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Scaling Fireproof

Fireproof provides scalable, collaborative database solutions with the option of per session, per collab database apps, efficient compaction, and flexible file attachments.

Granular Database Scope

Each database in Fireproof is a unit of synchronization, preserving a verifiable event log. It's recommended to scope each instance to a group or task, rather than running it like a universe with everyone's data intermingled, as you might do with a site-wide relational database. Use an individual database for each project, chat room, or collaboration task. This way, you are only syncing the relevant data, and users can choose which databases to sync based on their interest and usage. If a database seems like it could grow indefinitely, consider ways to segment it. For instance, giving each shopping cart session a fresh database can simplify app development as you don't have to worry as much about filtering data in your queries and app; all the data is relevant.

Consider the following examples:

  • For a scheduling app, you might have a database per month, syncing the upcoming few months but not those from a year ago.
  • For a storyboarding app, each world of characters could be its own database, with documents for in-process storyline development, reflecting the collaborative group nature of the app.
  • For chatbot apps, it makes sense to have one database per chat, so that each chat can be loaded and managed individually, instead of requiring clients to load all chats to interact with any of them.

Complex apps, like a public content management system, can use a multi-database backend. Here, users each have their own writable copy of the database, and can nominate contributions for merge into the public copy by moderators. Moderators can load and review the change, and push it to the public instance.

There’s no limit to the number of databases a Fireproof install can have, so naming them with UUIDs or other random identifiers makes sense. Databases can cheaply fork, so you can share the same initial storage across your user base, and write their forks as individual diffs, merge and publish a new canonical main branch, and repeat the process while minimizing duplication. See the storage architecture section for more detail on the encrypted block store.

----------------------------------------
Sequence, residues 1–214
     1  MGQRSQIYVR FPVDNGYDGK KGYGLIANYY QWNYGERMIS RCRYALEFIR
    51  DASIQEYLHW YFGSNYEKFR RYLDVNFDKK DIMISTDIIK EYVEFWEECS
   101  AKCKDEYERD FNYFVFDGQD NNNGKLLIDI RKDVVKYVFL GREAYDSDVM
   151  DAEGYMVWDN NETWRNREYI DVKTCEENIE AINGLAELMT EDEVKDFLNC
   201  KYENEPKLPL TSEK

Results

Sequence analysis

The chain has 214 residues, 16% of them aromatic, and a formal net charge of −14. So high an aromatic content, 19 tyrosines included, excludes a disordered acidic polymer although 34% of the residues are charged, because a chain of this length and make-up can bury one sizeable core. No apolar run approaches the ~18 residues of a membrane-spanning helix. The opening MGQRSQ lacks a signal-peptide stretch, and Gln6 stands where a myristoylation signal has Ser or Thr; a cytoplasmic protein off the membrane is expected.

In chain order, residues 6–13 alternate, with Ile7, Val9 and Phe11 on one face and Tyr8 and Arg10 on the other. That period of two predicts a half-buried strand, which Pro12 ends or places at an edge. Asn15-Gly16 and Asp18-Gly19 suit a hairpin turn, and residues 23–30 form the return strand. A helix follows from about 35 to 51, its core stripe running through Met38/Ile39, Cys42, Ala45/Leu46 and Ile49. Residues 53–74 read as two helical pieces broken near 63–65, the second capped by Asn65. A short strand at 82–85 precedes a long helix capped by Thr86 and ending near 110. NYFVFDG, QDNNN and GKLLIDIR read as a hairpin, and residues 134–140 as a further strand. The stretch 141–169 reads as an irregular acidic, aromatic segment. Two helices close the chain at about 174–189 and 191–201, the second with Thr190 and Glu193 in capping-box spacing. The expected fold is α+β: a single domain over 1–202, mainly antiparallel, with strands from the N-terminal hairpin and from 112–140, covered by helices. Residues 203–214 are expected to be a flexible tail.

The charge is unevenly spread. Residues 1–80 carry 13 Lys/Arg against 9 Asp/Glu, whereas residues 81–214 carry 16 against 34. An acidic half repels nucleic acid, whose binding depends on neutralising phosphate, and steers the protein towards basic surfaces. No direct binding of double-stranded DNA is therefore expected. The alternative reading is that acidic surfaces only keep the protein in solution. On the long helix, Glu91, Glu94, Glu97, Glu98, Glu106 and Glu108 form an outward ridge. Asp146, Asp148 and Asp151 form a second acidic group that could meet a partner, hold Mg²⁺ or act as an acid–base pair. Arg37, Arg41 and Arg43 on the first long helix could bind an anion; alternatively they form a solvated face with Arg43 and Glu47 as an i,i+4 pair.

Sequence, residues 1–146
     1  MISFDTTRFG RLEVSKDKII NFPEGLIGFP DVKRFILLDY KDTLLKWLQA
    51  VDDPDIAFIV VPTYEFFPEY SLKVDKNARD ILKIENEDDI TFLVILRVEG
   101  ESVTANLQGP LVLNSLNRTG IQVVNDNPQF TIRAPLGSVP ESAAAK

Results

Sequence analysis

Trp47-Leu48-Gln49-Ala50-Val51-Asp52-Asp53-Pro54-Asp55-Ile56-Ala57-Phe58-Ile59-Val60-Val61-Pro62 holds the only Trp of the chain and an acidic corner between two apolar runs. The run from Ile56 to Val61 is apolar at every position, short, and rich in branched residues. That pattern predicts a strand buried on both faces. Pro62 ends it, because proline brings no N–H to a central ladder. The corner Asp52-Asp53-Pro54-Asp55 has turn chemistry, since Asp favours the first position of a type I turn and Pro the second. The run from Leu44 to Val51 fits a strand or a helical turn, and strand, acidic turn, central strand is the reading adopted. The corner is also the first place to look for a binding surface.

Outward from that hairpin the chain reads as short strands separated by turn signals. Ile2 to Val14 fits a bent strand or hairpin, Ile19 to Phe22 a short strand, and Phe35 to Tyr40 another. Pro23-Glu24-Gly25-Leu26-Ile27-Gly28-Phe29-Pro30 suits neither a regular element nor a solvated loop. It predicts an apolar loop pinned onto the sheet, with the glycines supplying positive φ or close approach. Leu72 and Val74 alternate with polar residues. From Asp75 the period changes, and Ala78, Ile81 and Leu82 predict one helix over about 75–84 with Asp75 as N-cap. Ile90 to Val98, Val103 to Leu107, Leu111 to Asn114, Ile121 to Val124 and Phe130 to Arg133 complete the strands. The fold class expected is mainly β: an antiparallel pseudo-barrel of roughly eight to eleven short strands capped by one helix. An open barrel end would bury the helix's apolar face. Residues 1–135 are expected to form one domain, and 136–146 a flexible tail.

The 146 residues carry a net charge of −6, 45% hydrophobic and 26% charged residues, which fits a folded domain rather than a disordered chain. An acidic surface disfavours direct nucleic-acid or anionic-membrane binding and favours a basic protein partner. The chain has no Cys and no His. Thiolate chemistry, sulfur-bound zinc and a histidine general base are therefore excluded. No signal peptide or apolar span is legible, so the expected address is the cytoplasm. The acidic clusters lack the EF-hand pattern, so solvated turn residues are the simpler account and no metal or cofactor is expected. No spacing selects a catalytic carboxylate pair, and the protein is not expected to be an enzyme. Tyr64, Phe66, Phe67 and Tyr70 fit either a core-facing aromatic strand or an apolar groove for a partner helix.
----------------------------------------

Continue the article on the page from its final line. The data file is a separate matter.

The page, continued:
Each database transaction is written to a new file or key as a lightweight encrypted diff, including links to the previous diff to allow reconstructing the complete dataset. After a certain number of transactions have accumulated, the set of diffs to load creates its own performance challenges. To address this, Fireproof periodically compacts the dataset to a single file, by default when the number of diffs is greater than 100.

There are numerous compaction optimizations that can be implemented. Before 1.0, we need to decide on semantics for data preservation. Most databases allow for a system purge to remove old versions of data, either on a key or historic basis. Currently, Fireproof compaction preserves all database history, but discards unreferenced internal index blocks, etc. Each compaction links to the dataset it replaces, so it’s possible to reconstruct history from immutable archives even from a compacted lean dataset. This is a great topic to bring up in the Discord.

When to Use File Attachments

Fireproof file attachments are read and written through the database API and via the Fireproof storage and encryption system, but they are replicated independently from the database. This is useful for instance, in a museum app which can load gallery metadata up-front, lazy load thumbnails on browse events, and sync full media assets on demand.

If you add multiple files in the same document update, they will end up in the same encrypted file, so they will all sync together. This is useful in cases where you know you need them all. For instance, all the assets for a game level can be in one car file, so they are delivered atomically. If you replace a few of the assets, Fireproof will load both car files and serve the latest version. This makes it efficient for occasionally updated internal content repositories like field service apps.